Bank of England warns coronavirus could cause biggest economic slump in 300 years

The Bank of England has kept interest rates unchanged at the all-time historic low of 0.1% Credit: PA

The Bank of England has warned coronavirus could see the economy plunge 14% this year in the worst annual fall for more than 300 years.

In its first official outlook on the toll taken on the UK’s finances by the Covid-19 pandemic, the Bank cautioned over a “very sharp” fall in GDP of close to 30% over the first half and a “substantial” hike in unemployment.

It expects gross domestic product (GDP) to fall by around 3% in the first three months of 2020 and then plunge by a further 25% in the second quarter, although it said there was uncertainty over the forecasts.

Britain’s unemployment rate could hit 9% in the second quarter as the lockdown hammers firms across the economy, although with six million people expected to have been furloughed, it said Government schemes will help soften the blow.

The grim forecast came as the Bank held interest rates at the historic low of 0.1% after recent emergency action.

It said the fall should be temporary and that activity should “pick up relatively rapidly” as lockdown is eased, but added that it would “take some time” for the economy to recover.

Its forecasts show, based on an “illustrative” scenario, that the economy could take a year to recover from when the lockdown begins to be lifted.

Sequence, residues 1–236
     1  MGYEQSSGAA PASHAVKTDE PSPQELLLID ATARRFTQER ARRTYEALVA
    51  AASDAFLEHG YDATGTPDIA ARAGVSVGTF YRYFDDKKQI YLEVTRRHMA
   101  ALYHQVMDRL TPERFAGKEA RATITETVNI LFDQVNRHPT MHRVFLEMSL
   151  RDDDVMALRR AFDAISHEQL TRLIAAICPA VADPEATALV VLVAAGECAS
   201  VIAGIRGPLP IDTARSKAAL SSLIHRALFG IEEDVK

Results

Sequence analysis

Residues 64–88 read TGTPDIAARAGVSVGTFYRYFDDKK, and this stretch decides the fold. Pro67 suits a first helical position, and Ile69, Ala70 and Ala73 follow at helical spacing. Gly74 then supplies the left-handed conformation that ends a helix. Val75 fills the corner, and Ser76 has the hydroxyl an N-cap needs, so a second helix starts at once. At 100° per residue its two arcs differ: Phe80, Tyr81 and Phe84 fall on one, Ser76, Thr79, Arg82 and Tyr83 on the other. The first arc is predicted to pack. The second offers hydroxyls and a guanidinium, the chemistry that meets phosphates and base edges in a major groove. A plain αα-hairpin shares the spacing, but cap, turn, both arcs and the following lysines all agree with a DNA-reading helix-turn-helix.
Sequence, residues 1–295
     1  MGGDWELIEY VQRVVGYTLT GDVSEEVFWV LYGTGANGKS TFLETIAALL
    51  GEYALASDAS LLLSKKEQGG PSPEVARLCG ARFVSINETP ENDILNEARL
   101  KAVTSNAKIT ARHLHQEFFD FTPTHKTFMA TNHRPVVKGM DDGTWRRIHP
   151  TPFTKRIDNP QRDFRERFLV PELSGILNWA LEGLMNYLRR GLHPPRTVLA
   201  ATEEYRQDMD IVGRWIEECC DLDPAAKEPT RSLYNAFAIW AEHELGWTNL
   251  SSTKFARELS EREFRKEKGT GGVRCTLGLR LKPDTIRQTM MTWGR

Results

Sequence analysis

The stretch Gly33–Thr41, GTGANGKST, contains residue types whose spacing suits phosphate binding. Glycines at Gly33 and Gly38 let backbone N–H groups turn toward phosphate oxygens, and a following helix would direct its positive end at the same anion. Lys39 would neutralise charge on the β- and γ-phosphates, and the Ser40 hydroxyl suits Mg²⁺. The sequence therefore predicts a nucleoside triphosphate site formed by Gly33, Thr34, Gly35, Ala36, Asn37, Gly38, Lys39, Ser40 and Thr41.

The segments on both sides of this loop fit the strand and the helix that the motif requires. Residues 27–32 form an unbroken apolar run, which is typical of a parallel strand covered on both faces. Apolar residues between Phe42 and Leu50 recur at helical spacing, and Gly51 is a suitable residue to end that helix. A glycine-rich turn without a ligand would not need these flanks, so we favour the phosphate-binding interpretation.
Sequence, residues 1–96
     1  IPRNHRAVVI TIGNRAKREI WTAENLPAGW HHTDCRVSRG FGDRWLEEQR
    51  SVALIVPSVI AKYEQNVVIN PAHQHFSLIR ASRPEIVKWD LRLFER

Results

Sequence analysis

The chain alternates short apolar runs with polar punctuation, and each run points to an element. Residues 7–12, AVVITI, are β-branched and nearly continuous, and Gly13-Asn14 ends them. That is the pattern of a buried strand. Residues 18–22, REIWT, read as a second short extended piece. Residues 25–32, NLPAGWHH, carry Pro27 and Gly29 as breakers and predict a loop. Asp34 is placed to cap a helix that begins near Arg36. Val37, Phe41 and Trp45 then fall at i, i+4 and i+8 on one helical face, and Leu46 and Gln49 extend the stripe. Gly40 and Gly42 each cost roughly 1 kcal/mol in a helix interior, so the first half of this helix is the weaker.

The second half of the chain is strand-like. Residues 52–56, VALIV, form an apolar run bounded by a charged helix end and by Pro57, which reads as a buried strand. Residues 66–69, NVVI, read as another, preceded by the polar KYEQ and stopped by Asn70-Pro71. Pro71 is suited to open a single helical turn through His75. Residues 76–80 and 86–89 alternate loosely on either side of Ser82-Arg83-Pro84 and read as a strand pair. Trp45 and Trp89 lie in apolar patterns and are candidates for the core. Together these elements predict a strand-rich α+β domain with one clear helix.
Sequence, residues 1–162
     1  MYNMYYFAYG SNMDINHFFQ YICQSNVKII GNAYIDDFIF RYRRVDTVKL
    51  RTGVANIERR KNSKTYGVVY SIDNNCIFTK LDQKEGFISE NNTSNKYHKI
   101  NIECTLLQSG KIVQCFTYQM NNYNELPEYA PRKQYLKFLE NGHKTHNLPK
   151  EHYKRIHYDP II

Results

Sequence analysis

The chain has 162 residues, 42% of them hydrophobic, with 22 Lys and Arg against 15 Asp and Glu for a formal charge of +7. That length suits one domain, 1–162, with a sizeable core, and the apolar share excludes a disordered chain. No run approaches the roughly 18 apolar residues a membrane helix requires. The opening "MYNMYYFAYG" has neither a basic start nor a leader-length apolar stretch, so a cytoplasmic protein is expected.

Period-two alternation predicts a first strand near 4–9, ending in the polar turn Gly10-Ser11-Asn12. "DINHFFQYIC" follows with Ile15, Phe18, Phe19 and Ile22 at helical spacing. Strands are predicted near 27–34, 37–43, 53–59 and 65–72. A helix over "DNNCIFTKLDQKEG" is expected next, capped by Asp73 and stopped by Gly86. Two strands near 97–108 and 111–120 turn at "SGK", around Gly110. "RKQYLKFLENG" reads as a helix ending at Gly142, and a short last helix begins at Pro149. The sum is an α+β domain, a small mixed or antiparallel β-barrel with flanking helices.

The Bank is expecting the bounce back in growth to be held back as Britons continue some voluntary social distance measures even after lockdown restrictions are eased.

Its nine-strong Monetary Policy Committee (MPC) voted unanimously to hold rates.

  • Governor Andrew Bailey says households will feel pressure

It also kept its quantitative easing (QE) programme to boost the economy unchanged at £645 billion after unleashing another £200 billion of bond-buying in March.

But two members of the MPC voted to increase QE by another £100 billion in a sign that more may be on the way soon.

In a statement, the central bank said: “The spread of Covid-19 and the measures to contain it are having a significant impact on the United Kingdom and many countries around the world.

“Activity has fallen sharply since the beginning of the year and unemployment has risen markedly.”

Bank of England governor Andrew Bailey, who took on the role in March. Credit: PA

Rates have already been slashed twice, from 0.75%, since mid-March as part of the Bank’s measures to try and keep the economy afloat during what is expected to be the steepest recession in living memory.

The Bank’s forecasts are slightly more optimistic than the outlook given by the Office for Budget Responsibility (OBR), which warned the economy could shrink by as much as 35% in the second quarter, though this also includes the first quarter impact.

But the Bank’s forecast does paint a worse picture for the recovery, suggesting a V-shaped bounce-back will not come to pass.

It believes growth will almost recover to pre-coronavirus levels over the next two to three years.

In its Financial Stability Report, the Bank assures that UK banks are strong enough to withstand the economic shock and continue supporting households and businesses.

Although it does warn over significant loan losses in the banking sector as consumers and businesses are set to default on loans.